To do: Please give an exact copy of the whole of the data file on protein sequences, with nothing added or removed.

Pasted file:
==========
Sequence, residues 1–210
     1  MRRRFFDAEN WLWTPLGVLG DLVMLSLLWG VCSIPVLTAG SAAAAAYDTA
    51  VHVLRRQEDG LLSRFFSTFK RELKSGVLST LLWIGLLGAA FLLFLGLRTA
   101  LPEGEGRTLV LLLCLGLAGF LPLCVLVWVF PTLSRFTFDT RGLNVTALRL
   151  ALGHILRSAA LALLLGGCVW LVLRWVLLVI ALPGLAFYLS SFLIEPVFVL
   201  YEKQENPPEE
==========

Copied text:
Sequence, residues 1–210
     1  MRRRFFDAEN WLWTPLGVLG DLVMLSLLWG VCSIPVLTAG SAAAAAYDTA
    51  VHVLRRQEDG LLSRFFSTFK RELKSGVLST LLWIGLLGAA FLLFLGLRTA
   101  LPEGEGRTLV LLLCLGLAGF LPLCVLVWVF PTLSRFTFDT RGLNVTALRL
   151  ALGHILRSAA LALLLGGCVW LVLRWVLLVI ALPGLAFYLS SFLIEPVFVL
   201  YEKQENPPEE